There is no indication here, however, that the remedy available under French law is any different from the remedy available in a negligence action in our courts. Under such circumstances, it would seem that the only purpose of a venue limitation, if one there is, is to serve the convenience of the French carrier. Considering all of the facts set forth above in determining that this suit does not represent an undue burden on the defendant, this court sees no reason to prefer the convenience of the defendant French carrier over the resident plaintiff. Nor is the court otherwise bound to enforce the foreign provision limiting the venue of an action brought to enforce a foreign right (see Tennessee Coal Co. v. George, 233 U.S. 354; Lauritzen v. Larsen, 345 U.S. 571). As the Supreme Court of the United States declared in the Tennessee Coal case ( supra, p. 360): "[V]enue is no part of the right; and a State cannot create a transitory cause of action and at the same time destroy the right to sue on that transitory cause of action in any court having jurisdiction. That jurisdiction is to be determined by the law of the court's creation, and cannot be defeated by the extraterritorial operation of a statute of another State, even though it created the right of action." In view of the foregoing ground of decision, it is unnecessary to discuss the defendant's offer to pay plaintiff a sum of money to make a trip to France possible, as well as the further question whether a contingent fee arrangement with a French lawyer would be ethical or legal.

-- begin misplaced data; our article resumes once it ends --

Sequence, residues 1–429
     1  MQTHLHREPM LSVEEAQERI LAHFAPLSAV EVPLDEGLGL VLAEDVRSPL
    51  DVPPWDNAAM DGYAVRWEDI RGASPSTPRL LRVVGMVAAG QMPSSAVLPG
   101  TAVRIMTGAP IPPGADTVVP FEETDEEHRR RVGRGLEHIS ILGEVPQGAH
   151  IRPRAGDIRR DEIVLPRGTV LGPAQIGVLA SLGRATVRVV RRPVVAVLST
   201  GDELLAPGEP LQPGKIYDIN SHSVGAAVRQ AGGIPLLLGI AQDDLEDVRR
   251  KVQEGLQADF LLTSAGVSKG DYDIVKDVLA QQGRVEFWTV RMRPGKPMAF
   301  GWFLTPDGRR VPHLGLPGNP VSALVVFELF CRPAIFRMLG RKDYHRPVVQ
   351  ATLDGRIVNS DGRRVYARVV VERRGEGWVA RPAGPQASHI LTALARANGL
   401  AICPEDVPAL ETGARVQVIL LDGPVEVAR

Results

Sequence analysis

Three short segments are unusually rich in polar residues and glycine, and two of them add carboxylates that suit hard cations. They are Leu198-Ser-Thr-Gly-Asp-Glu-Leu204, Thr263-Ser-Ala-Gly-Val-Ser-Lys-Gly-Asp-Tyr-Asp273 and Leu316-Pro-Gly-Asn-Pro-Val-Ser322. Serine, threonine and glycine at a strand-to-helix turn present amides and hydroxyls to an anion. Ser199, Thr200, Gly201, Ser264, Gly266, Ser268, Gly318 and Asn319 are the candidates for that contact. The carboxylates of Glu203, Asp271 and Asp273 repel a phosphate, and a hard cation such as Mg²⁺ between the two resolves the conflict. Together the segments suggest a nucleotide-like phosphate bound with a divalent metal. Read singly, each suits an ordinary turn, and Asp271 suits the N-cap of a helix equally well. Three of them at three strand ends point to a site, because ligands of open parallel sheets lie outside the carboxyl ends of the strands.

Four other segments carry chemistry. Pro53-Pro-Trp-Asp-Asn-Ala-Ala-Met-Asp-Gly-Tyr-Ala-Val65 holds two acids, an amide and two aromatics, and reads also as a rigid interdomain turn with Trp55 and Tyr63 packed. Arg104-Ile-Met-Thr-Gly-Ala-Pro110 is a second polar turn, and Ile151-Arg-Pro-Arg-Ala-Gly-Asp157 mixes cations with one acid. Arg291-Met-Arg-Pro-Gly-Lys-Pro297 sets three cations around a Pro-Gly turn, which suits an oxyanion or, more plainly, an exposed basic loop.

Since there is no reason why a court of this State should not entertain jurisdiction over this action, the motion to dismiss the complaint must be denied.